29 Apr ERP
ERP systems became popular with large organizations in the 1990s. In 2000, Gartner group published an article titled “ERP is dead, long live ERP” in which they argued that in near future, ERP systems will overcome the need for other specialized systems (e.g. CRM). While there have been major advances in ERP systems since then, and the fact that most current ERP systems include CRM modules and applications, however, separate CRM systems are still widely adopted by organizations (Haddara et al, 2017). In the 21st Century, these products were expanded by addition of supply chain management (SCM) and customer relationship management (CRM), as well as access through the Web, creating the ERP II concept. Efforts to increase the market led vendors to serve not only large organizations, but also focus more on small-to-medium sized enterprises (SMEs) (Olson et al, 2015).
ERP systems have provided a great deal of benefit to business operations by integrating legacy systems, providing greater accuracy through combining databases, efficiencies through business process reengineering, and providing platforms to which added functionality can be linked (Watts et al, 2008). The goal of ERP is to integrate and consolidate all the systems across an organization into a one system that can meet and serve each department’s unique needs and tasks. While we recognize that rarely are all systems integrated, ERP installation moves toward more centralization of organizational computer support. Therefore, every aspect of an organization’s business process need to have a unified application inter- face, which provides high competitiveness in the market – or at least makes the organization compete in equal terms to their competitors that also uses such a system. Enterprises have invested heavily in ERP acquisition while small businesses or entrepreneurs often could not see how they could afford such systems mainly due to its high up front prices and resources required to deploy and maintain the system. To attack this niche market of ERP in the SME sector, vendors have transformed ERPs by adopting the information technologies that can reduce adoption costs, such as Web-based modules, as well as created simplified versions of their systems. Cereola et al. (Cereola et al, 2012) reported that while large enterprises primarily utilize proprietary ERP systems that are unlikely to migrate to open-source solutions, SMEs are suitable candidates for open- source ERP due to their agility and flexibility. Commercial open source ERP allows modifications to source code enabling firms to exploit their unique business processes and retain competitive advantages. Johansson and Sudzina (Johansson et al, 2008) noted that open-source ERP system interest has exploded, appearing to target SMEs. Poba- Nzaou and Raymond (Poba-Nzaou et al, 2011) gave two cases of open-source ERP lowering risk for SMEs (Olson et al, 2015).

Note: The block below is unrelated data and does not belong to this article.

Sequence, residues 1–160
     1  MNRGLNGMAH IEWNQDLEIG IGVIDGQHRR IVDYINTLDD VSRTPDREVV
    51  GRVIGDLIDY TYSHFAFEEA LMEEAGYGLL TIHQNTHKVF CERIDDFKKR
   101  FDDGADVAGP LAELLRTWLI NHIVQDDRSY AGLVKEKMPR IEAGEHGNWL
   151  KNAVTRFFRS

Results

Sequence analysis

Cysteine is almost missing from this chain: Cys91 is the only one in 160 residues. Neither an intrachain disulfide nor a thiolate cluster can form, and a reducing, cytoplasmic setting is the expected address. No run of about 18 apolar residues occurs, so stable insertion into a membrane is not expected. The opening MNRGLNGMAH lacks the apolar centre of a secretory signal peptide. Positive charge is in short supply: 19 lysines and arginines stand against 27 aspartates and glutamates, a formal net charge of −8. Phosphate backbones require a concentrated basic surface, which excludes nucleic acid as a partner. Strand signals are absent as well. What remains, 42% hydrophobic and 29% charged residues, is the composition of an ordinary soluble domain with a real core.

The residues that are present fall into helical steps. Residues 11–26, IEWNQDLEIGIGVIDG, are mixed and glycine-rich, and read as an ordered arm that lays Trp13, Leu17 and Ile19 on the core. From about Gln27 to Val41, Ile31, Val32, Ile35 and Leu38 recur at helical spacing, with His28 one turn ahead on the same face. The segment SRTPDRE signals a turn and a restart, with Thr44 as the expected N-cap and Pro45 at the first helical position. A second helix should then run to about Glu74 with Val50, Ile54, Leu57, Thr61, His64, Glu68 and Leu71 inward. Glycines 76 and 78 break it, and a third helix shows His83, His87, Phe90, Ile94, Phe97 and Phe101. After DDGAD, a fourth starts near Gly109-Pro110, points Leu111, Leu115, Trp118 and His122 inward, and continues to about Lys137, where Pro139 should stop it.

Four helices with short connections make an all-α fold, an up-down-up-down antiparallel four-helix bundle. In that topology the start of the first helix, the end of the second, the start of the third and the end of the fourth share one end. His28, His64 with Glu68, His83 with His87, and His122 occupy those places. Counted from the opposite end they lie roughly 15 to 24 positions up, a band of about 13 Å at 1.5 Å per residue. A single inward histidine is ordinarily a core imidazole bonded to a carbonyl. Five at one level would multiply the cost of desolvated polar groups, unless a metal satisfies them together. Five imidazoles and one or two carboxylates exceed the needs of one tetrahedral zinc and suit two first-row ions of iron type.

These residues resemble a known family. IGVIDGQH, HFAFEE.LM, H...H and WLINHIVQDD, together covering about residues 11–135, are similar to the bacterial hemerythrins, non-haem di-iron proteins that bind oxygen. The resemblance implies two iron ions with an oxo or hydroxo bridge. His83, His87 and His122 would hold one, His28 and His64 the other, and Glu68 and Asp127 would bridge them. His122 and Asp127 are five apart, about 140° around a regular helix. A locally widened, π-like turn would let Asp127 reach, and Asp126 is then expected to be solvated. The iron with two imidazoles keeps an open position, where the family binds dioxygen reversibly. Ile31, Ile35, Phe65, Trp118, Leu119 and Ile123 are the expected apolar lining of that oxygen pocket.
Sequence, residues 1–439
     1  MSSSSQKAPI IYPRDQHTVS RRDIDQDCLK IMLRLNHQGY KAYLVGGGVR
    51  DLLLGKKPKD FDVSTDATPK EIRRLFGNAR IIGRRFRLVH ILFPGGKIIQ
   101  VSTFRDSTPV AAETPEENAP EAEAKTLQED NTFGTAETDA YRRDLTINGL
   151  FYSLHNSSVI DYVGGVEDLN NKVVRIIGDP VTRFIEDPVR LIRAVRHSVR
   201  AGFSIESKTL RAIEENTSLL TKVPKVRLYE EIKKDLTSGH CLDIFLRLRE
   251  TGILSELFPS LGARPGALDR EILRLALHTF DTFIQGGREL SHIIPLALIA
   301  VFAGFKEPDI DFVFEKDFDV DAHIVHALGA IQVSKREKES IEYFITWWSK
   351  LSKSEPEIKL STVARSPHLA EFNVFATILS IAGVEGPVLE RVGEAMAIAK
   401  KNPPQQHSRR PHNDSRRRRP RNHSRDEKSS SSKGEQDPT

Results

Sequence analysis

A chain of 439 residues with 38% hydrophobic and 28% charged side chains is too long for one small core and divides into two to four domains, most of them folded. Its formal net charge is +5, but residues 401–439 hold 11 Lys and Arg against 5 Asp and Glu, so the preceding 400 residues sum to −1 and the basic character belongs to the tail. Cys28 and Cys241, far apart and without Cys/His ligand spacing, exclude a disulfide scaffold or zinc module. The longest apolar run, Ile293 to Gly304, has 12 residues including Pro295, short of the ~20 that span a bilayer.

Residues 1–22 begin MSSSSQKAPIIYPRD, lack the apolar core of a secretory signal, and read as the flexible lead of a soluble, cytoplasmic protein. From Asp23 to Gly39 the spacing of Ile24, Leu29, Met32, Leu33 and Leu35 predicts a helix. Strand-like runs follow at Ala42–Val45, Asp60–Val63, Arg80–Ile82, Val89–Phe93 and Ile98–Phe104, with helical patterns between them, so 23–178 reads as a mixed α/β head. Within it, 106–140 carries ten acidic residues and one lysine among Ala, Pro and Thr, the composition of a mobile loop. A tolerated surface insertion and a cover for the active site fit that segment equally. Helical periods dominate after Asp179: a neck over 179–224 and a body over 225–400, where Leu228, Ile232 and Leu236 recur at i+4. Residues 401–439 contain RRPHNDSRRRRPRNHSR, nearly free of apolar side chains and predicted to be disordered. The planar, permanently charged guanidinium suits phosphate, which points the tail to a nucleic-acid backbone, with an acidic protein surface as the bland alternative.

- Cereola, S.J., Wier, B., Strand Norman, C. (2012). “Impact of top management team on firm performance in small and medium-sized enterprises adopting commercial”. Open-source enterprise resource planning, Behav. Inf. Technol. 31(9) 889–907.
- Haddara, M., Costantini, A. (2017). “ERP II is Dead- Long Live CRM”. Procedia Computer Science, Volume 121, Pages 950-959.
- Johansson, B., Sudzina, F. (2008). “ERP systems and open-source: an initial review and some implications for SMEs”. J. Enterp. Inf. Manag. 21(6) 649–658.
- Olson, D. L., Johansson, B., Carvalho, R .A. (2015). “Open source ERP business model framework”. Robotics and Computer-Integrated Manufacturing.
- Poba-Nzaou, P., Raymond, L. (2011). “Managing ERP system risk in SMEs: a multiple case study”. J. Inf. Technol. 26(3) 170–192.
- Watts, C.A., Mabert, V.A., Hartman, N. (2008). “Supply chain boltons: investment and usage by manufacturers”. Int. J. Oper. Prod. Manag. 28(12) 1219–1243.